In early April, members of several partner organizations assisted Department of Natural Resources staff to establish five small apple and crabapple tree plots, totaling 85 trees.
These plots will provide important habitat value for local wildlife over the next several decades.
In early April, members of several partner organizations assisted Department of Natural Resources staff to establish five small apple and crabapple tree plots, totaling 85 trees. Photo credit: DNR
The trees were planted on state-owned properties in Columbia County and funded through the federal Pittman-Robertson grant, which allocated approximately $175,000 to establish plantings for wildlife throughout Wisconsin. Properties that will benefit from these and previous plantings include Columbus, French Creek, Pine Island, Grassy lake, Mud Lake, Duck Creek, Swan Lake, Paradise Marsh, Pete Helland, and Hampden Marsh wildlife areas.
“A 12-tree plot costs a little over $1,000 with the use of volunteer hours and lifespan for these trees is approximately 50 – 60 years, so it’s a great investment for the money spent,” said Al Ramminger, Columbia County DNR wildlife technician.
Partner organizations including the Ruffed Grouse Society, Portage and Deforest Boy Scouts, Pardeeville FFA, Pheasants Forever, Wisconsin Waterfowl Association, Wild Turkey Federation and Whitetails Unlimited provided support and volunteer labor for the project. Some of these organizations are willing to assist with the future maintenance of watering and pruning tree limbs. One group participates in the Adopt-a-Wildlife-Area program, in which organizations join forces with the department to manage public land.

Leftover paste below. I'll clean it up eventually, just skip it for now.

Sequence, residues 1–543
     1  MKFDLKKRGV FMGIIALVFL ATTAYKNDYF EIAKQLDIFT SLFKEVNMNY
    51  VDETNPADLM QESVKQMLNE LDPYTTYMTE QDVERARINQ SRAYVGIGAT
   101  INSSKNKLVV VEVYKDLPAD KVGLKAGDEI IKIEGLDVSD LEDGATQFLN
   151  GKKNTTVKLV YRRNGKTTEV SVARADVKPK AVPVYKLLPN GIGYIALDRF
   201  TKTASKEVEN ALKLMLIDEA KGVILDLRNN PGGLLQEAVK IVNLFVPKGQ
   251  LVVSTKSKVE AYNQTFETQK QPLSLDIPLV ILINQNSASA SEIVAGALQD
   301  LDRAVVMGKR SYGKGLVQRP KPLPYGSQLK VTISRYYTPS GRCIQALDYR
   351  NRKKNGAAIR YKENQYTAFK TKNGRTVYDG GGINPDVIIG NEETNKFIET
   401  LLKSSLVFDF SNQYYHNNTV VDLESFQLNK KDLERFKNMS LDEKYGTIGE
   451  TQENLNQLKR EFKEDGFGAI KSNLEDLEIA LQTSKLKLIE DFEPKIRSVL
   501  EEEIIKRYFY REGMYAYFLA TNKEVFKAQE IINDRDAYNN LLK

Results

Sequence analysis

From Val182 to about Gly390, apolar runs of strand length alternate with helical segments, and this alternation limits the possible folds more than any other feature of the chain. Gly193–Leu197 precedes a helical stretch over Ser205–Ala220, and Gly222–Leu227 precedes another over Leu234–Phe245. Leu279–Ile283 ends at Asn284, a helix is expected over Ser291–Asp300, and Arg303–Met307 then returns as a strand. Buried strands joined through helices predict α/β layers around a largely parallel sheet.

The department selected planting sites to add diversity to the properties and complement natural habitat areas frequented by wildlife. The trees will attract pollinators, birds and small and large mammals throughout the seasons. Several sites were also selected to give disabled hunters easy access.
“These trees were planted for all recreationists to enjoy on public lands,” said Ramminger. “Bird watchers and nature lovers should experience more wildlife viewing including bird species foraging in these plots. Also, hunters will benefit from a variety of game species that will utilize these trees during the hunting seasons.”